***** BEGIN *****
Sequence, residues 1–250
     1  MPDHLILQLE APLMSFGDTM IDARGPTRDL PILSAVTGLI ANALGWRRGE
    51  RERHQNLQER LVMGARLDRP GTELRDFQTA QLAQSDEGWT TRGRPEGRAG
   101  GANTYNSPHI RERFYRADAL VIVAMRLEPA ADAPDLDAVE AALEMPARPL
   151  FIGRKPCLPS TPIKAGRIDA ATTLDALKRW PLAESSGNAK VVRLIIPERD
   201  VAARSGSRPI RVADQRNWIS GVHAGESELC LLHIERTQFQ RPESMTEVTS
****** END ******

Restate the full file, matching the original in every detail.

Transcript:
Sequence, residues 1–250
     1  MPDHLILQLE APLMSFGDTM IDARGPTRDL PILSAVTGLI ANALGWRRGE
    51  RERHQNLQER LVMGARLDRP GTELRDFQTA QLAQSDEGWT TRGRPEGRAG
   101  GANTYNSPHI RERFYRADAL VIVAMRLEPA ADAPDLDAVE AALEMPARPL
   151  FIGRKPCLPS TPIKAGRIDA ATTLDALKRW PLAESSGNAK VVRLIIPERD
   201  VAARSGSRPI RVADQRNWIS GVHAGESELC LLHIERTQFQ RPESMTEVTS